Ethics of AI: Benefits and risks of artificial intelligence

#artificialintelligence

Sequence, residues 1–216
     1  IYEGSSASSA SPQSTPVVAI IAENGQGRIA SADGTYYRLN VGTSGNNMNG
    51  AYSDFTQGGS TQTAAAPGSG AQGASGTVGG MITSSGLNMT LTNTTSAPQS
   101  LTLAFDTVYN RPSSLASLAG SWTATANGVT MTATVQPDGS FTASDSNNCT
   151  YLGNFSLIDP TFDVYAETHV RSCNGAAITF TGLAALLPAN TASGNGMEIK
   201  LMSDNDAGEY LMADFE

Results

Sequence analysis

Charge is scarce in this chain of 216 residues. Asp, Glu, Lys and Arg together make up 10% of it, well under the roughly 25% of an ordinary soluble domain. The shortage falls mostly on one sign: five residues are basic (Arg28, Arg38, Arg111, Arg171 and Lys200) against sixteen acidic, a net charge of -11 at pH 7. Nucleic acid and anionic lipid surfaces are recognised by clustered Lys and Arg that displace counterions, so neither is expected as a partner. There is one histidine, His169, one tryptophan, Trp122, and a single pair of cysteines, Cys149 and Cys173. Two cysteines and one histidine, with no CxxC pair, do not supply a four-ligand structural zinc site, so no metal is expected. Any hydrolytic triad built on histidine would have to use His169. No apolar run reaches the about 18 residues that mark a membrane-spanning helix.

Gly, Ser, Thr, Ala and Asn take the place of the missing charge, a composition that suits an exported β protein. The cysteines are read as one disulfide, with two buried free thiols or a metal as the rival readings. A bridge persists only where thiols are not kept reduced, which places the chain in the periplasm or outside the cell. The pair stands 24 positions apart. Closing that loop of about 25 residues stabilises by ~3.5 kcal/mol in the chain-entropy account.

In 1949, at the dawn of the computer age, the French philosopher Gabriel Marcel warned of the danger of naively applying technology to solve life's problems. Life, Marcel wrote in Being and Having, cannot be fixed the way you fix a flat tire. Any fix, any technique, is itself a product of that same problematic world, and is therefore problematic, and compromised. Marcel's admonition is often summarized in a single memorable phrase: "Life is not a problem to be solved, but a mystery to be lived." Despite that warning, seventy years later, artificial intelligence is the most powerful expression yet of humans' urge to solve or improve upon human life with computers. But what are these computer systems? As Marcel would have urged, one must ask where they come from, whether they embody the very problems they would purport to solve. Ethics in AI is essentially questioning, constantly investigating, and never taking for granted the technologies that are being rapidly imposed upon human life. That questioning is made all the more urgent because of scale. AI systems are reaching tremendous size in terms of the compute power they require, and the data they consume. And their prevalence in society, both in the scale of their deployment and the level of responsibility they assume, dwarfs the presence of computing in the PC and Internet eras. At the same time, increasing scale means many aspects of the technology, especially in its deep learning form, escape the comprehension of even the most experienced practitioners. Ethical concerns range from the esoteric, such as who is the author of an AI-created work of art; to the very real and very disturbing matter of surveillance in the hands of military authorities who can use the tools with impunity to capture and kill their fellow citizens. Somewhere in the questioning is a sliver of hope that with the right guidance, AI can help solve some of the world's biggest problems. The same technology that may propel bias can reveal bias in hiring decisions. The same technology that is a power hog can potentially contribute answers to slow or even reverse global warming. The risks of AI at the present moment arguably outweigh the benefits, but the potential benefits are large and worth pursuing. As Margaret Mitchell, formerly co-lead of Ethical AI at Google, has elegantly encapsulated, the key question is, "what could AI do to bring about a better society?" Mitchell's question would be interesting on any given day, but it comes within a context that has added urgency to the discussion. Mitchell's words come from a letter she wrote and posted on Google Drive following the departure of her co-lead, Timnit Gebru, in December.